Launched in 2021 at The Pittsburgh Foundation in collaoration with Tongue River Artist Residency founders, Doug Gouge and Jeanette Schubert, the Tongue River BIPOC Artist Residency is guided by a shared belief in creative development, racial justice, connecting communities and encouraging artist wellness. The residency will award one $10,000 grant for artistic work and will provide a quiet, comfortable living and studio working space for three to four weeks in Dayton, Wyoming, where artists can reenergize, experience the natural beauty of the American West and develop their work.
Through an invitation-only nomination process, BIPOC artists working with a racial justice lens in any artistic discipline are encouraged to apply. This includes but is not limited to writers, musicians, composers, photographers, painters and performing artists. Unsolicited submissions will not be reviewed. The residency, which includes a $10,000 stipend, seeks to:
- Serve an individual artist with a proven history of artwork in support of racial justice.
- Attempt to address the lack of equity in Pittsburgh’s arts and culture community by establishing a residency and funding stream that directly serves Black, Indigenous and People of Color (BIPOC) artists working at the intersection of arts and racial justice.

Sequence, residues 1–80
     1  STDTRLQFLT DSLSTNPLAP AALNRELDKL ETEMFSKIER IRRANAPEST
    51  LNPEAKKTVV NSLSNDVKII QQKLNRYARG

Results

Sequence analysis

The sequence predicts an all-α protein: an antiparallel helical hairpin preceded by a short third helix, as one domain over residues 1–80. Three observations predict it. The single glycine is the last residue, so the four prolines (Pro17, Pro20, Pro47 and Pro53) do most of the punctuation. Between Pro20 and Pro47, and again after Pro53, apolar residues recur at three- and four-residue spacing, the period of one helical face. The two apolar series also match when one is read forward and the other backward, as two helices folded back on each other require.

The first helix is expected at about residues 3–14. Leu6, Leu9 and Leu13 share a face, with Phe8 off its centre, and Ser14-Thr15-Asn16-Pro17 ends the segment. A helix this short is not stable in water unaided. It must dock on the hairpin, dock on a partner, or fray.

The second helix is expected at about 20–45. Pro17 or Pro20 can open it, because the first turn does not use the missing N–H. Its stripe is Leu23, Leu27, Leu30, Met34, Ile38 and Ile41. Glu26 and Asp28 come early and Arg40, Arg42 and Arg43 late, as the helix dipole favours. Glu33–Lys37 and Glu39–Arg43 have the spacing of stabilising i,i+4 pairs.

- Emphasize the importance of rest and support for artists who work at the intersection of arts and racial justice.
About the Residency Founders
Doug Gouge and Jeanette Schubert founded the Tongue River Artist Residency in Dayton, Wyoming, to provide a nurturing creative space for undisturbed time and a chance to be inspired by the beauty of the West. Dayton, with a population of approximately 1,000, is nestled at the foothills of the Bighorn Mountains in northeastern Wyoming, close to the Montana border. The town of Sheridan, Wyoming, a classic western town with a population of about 20,000, is 21 miles away. Doug and Jeanette split their time between Dayton and Pittsburgh and are particularly excited to offer this experience to artists from Allegheny County. They both firmly believe in the power of the arts–from simply bringing joy and inspiration to forging new perspectives, facilitating dialogue, crossing barriers and serving as a tool of activism –and are committed to supporting racial equity.